Orwell was heartbroken and wasn’t feeling well, but he returned to England to take care of their adopted son, Richard. Animal Farm was successful, which also meant more work for Orwell, more lectures and invitations. David Astor, the editor of The Observer and a good friend of Orwell’s, asked if his friend would be interested in staying on his family’s estate on an island in the Hebrides, off the coast of Scotland. There was no electricity or telephone, the mail came twice a week, and they were 25 miles from the nearest store. The weather was harsh much of the time, and besides walks and fishing with his son, mostly he wrote and wrote, a new novel called The Last Man in Europe.
He said, “Writing a book is a horrible, exhausting struggle, like a long bout of some painful illness.” He kept working on the book, even after in 1947 he was confined to his bed and diagnosed with tuberculosis. He wrote from bed, and by longhand when his typewriter was taken away from him in the hospital. He went through an intense drug treatment in the hopes of curing his TB, which caused him mouth blisters, throat ulcers that made it hard to swallow, rashes, and flaking skin, and his hair and nails fell out. He was losing weight, had fevers, and his right arm had to be put in a cast, but he kept writing with his left. Under pressure from his publisher, he finally finished the book by the end of the year, and had to retype the messy manuscript himself.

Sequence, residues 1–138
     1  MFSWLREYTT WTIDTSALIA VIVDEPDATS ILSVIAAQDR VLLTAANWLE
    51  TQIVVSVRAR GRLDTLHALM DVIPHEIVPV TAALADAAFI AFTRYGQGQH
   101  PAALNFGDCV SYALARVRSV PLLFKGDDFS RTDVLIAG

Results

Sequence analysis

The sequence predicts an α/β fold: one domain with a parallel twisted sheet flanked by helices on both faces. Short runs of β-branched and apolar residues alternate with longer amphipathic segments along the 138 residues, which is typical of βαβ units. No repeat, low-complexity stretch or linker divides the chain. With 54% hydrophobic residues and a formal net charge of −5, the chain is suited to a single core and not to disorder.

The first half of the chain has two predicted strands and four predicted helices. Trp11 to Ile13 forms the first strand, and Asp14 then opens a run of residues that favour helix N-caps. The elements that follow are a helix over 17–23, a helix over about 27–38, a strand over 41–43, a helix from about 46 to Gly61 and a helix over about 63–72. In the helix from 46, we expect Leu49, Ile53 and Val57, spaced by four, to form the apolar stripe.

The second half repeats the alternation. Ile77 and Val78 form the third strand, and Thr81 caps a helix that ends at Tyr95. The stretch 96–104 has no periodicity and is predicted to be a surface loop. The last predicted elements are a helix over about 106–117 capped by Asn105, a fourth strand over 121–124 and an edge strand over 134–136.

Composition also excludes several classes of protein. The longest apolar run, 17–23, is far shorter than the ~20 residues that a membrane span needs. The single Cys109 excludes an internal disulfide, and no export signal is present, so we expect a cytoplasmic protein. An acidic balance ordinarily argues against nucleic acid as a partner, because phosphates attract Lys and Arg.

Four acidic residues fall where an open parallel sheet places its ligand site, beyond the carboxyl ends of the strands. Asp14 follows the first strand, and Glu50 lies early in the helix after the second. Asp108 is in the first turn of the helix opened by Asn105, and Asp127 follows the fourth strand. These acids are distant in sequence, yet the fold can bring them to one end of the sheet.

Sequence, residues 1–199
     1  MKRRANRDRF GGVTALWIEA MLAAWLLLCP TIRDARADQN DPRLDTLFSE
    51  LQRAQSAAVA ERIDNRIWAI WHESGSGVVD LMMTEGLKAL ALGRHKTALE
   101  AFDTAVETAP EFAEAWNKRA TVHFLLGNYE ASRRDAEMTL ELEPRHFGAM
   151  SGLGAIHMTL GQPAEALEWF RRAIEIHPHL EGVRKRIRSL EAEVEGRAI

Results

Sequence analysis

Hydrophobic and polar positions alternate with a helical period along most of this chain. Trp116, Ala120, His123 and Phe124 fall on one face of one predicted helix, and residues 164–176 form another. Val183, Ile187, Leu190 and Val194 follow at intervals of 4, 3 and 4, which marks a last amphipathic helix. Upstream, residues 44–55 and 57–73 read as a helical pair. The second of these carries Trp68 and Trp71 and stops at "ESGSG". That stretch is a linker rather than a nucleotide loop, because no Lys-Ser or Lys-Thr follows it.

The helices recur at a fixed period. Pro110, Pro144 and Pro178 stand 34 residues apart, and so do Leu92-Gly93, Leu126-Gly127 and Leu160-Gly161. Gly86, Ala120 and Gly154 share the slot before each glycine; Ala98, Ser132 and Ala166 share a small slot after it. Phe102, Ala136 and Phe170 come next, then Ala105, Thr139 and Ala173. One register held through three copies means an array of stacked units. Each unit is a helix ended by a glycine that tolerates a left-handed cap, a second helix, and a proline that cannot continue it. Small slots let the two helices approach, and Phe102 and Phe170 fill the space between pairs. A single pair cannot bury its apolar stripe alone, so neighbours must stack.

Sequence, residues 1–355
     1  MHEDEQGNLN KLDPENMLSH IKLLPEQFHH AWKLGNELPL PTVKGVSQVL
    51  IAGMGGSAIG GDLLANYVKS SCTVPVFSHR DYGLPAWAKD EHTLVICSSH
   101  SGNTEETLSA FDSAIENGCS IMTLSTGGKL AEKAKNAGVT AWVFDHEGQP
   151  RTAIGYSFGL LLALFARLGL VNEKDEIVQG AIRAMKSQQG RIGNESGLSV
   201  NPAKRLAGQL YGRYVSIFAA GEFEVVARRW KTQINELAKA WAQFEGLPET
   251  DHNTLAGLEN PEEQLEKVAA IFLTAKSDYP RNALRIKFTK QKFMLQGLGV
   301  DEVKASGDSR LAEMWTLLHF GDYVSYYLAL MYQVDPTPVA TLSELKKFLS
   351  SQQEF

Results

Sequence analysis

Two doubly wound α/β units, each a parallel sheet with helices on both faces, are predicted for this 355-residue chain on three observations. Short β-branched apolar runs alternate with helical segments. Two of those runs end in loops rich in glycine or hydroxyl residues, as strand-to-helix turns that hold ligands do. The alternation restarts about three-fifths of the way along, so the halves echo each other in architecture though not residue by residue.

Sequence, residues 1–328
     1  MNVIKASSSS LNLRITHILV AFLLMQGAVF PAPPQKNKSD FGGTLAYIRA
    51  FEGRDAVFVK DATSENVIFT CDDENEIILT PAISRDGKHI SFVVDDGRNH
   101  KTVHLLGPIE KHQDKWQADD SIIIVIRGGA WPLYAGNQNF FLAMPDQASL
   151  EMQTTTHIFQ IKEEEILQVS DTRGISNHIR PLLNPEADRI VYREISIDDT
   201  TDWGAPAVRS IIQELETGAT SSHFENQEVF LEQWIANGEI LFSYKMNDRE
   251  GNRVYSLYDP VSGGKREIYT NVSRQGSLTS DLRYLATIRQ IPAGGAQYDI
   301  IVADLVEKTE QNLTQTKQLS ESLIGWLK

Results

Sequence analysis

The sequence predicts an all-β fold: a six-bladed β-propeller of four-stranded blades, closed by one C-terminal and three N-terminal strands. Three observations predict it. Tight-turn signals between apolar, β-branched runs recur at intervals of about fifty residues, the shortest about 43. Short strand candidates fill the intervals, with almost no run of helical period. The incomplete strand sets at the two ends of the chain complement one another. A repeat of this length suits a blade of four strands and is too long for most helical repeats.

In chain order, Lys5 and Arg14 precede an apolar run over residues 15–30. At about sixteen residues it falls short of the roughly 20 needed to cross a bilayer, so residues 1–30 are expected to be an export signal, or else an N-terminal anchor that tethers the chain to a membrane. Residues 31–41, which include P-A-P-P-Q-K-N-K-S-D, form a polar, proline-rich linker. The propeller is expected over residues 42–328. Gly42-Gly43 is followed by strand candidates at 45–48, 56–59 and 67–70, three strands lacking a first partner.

He decided to change the title — from The Last Man in Europe to Nineteen Eighty-Four. It was published in June of 1949. It was a huge success — the critics loved it, and it sold well. But his health got even worse, and by September he was back in the hospital. In January of 1950, just seven months after Nineteen Eighty-Four was published, Orwell died at the age of 46.
It’s the birthday of poet Maxine Kumin, (books by this author) born in Philadelphia, Pennsylvania (1925). Her family was Jewish, but she went to Catholic school. She said, “In kindergarten at the Covenant Sisters of Joseph, conveniently next door to the house I grew up in, I was told stories of martyrdom and saints. This reinforced what I already knew from observing my father’s dedication to work: one must be prepared to endure every hardship to be saved. In suffering, seek salvation, was the message.”